About the Book
One nation under his reign.
Cardinal sins of man caused humanity to pay the price. Cali Nasser grew up in a world succeeding World War III. The aftermath forced the world dictatorship that she must now live in. A new Regime arose from the ashes. They demanded obedience and cooperation from every citizen, even in matters of the heart.
One domain … One accord … One nation. That is the moral code. In Cali’s eyes, it all revolves around a twisted plot for control.
It used to sicken Cali how people would allow the Regime to test their love through the Temptation Trials. That is, until she met Kincade. Cali’s entire point of view changes when she falls for him. She struggles with herself, debating if she should challenge the government’s law of arranged marriage.
Cali’s childhood friend, Stefani, always kept a positive perspective about their lives until she was threatened with the same dilemma, at odds over the man she loves.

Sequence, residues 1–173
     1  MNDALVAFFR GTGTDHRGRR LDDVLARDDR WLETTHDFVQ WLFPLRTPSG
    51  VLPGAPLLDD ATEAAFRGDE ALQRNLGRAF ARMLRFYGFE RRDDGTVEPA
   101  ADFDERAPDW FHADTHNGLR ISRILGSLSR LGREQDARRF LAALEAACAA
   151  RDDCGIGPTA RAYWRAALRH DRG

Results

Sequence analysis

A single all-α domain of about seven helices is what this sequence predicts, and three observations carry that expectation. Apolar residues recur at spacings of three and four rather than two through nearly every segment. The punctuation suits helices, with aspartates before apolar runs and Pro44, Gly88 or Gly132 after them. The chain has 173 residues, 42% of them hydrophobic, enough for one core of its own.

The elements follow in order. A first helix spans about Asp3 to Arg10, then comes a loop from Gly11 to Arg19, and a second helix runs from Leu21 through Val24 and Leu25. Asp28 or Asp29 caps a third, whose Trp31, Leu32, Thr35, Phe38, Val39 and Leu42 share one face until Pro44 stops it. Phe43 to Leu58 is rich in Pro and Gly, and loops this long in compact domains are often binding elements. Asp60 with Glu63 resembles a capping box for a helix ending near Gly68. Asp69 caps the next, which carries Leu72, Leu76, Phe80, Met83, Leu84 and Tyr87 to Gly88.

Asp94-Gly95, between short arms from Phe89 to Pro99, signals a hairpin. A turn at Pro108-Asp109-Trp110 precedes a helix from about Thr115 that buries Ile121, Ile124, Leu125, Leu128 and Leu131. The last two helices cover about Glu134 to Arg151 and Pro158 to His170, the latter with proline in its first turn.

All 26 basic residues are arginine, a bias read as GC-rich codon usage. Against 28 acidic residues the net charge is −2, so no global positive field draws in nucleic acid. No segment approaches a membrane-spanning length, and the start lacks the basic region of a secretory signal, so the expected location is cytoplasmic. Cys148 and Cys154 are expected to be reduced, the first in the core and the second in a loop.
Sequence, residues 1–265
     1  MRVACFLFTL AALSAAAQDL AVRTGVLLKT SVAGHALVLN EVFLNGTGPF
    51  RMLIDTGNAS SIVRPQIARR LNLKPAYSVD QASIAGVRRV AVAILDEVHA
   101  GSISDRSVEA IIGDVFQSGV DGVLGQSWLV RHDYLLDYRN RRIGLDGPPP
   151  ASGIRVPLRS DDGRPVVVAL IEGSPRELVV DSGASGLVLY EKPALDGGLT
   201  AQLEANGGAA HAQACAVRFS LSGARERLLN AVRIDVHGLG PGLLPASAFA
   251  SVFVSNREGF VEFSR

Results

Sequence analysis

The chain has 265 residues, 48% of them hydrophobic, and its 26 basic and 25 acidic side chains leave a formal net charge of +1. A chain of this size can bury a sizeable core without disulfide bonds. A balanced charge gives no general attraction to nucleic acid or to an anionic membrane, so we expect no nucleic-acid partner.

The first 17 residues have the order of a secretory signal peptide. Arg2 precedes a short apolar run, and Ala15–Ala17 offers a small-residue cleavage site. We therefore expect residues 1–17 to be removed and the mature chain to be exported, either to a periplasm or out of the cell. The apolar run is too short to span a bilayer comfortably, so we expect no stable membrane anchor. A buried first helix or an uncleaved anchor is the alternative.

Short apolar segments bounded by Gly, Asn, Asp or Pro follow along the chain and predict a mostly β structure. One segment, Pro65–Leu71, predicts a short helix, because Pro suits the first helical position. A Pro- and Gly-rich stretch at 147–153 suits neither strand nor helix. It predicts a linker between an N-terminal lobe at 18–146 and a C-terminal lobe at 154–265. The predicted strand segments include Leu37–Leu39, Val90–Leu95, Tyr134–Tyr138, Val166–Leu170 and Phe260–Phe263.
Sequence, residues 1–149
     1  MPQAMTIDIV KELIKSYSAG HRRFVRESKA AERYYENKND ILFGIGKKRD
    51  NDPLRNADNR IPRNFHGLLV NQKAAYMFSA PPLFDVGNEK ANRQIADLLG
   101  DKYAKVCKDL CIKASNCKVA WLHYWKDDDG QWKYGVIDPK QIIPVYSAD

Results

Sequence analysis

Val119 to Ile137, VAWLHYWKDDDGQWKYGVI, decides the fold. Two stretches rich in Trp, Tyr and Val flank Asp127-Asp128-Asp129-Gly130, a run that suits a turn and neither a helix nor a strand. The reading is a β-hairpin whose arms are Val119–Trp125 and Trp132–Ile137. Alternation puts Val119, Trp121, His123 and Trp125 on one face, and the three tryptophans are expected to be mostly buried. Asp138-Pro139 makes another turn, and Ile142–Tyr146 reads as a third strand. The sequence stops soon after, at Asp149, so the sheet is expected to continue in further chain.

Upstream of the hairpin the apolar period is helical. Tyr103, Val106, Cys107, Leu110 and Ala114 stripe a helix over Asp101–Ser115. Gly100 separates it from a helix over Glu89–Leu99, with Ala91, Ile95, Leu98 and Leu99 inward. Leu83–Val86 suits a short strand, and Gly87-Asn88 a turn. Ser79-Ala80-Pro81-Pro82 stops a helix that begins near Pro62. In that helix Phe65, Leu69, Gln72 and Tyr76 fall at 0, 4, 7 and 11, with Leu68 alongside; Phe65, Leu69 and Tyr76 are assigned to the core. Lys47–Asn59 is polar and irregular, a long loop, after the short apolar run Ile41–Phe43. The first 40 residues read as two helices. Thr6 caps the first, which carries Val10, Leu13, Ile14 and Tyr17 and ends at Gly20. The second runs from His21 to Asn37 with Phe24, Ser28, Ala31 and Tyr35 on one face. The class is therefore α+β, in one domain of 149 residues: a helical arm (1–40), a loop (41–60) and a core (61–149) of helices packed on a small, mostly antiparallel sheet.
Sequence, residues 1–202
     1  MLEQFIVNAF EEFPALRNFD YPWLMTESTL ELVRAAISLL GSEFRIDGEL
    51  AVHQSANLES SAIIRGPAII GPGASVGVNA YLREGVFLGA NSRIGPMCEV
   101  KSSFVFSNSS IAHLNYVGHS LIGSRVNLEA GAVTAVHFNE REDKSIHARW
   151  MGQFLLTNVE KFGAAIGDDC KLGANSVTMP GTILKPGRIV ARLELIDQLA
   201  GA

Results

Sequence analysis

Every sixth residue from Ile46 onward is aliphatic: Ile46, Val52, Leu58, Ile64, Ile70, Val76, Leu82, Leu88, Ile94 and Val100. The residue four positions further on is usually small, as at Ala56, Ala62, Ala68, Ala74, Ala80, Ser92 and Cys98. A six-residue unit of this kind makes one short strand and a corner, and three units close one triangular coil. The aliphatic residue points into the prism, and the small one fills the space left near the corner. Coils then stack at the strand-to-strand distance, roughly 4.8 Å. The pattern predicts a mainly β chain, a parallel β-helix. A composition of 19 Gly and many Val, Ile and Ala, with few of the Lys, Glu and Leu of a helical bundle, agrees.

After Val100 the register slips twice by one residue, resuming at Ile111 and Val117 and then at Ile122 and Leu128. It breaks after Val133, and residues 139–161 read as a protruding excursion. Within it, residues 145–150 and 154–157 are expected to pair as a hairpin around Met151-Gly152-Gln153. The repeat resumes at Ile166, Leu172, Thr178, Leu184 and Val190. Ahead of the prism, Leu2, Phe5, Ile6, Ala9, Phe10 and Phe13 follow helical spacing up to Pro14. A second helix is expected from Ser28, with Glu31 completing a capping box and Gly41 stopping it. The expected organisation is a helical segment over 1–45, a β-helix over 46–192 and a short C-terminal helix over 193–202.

Now Cali and Stefani face a desperate choice—submit to the Regime’s will, or fight for what they value most—love. Although lust, mistaken for love, could lead to damnation. Do they give up on love or sign up for the Temptation Trials, a reality TV show where every temptation is laid before them?
The spirit is willing, but the flesh is weak. Can love save their souls?
Whew, this was quite the read. The first half of the book really pulled me in, and it was interesting to read about this new world and try to imagine living in it. I was easily hooked into the story, but there is quite a shift when we get to the second half. The Amazon synopsis did warn that the book contained mature content, and it does get quite sexually graphic in several areas once Cali and company enter the Temptation Trials. It got a little much for me in some areas, but I could try to understand how it made sense to the story and the mystery behind the reality TV show. I think the editing could have been tighter throughout – many repetitive areas, especially when it came to describing eyes – and there were some areas that I thought could have been condensed to move the story along quicker, especially because there are two really distinct parts of this novel. Overall still an interesting read for a mature audience, and I would be interested in reading the second.